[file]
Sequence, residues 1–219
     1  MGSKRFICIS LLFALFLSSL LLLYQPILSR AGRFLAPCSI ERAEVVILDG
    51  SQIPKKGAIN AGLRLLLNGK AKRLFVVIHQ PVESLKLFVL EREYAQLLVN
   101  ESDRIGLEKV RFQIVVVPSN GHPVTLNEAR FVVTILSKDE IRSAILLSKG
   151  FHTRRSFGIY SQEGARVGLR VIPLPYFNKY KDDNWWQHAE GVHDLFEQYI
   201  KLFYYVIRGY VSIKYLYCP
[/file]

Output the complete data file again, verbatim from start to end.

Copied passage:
Sequence, residues 1–219
     1  MGSKRFICIS LLFALFLSSL LLLYQPILSR AGRFLAPCSI ERAEVVILDG
    51  SQIPKKGAIN AGLRLLLNGK AKRLFVVIHQ PVESLKLFVL EREYAQLLVN
   101  ESDRIGLEKV RFQIVVVPSN GHPVTLNEAR FVVTILSKDE IRSAILLSKG
   151  FHTRRSFGIY SQEGARVGLR VIPLPYFNKY KDDNWWQHAE GVHDLFEQYI
   201  KLFYYVIRGY VSIKYLYCP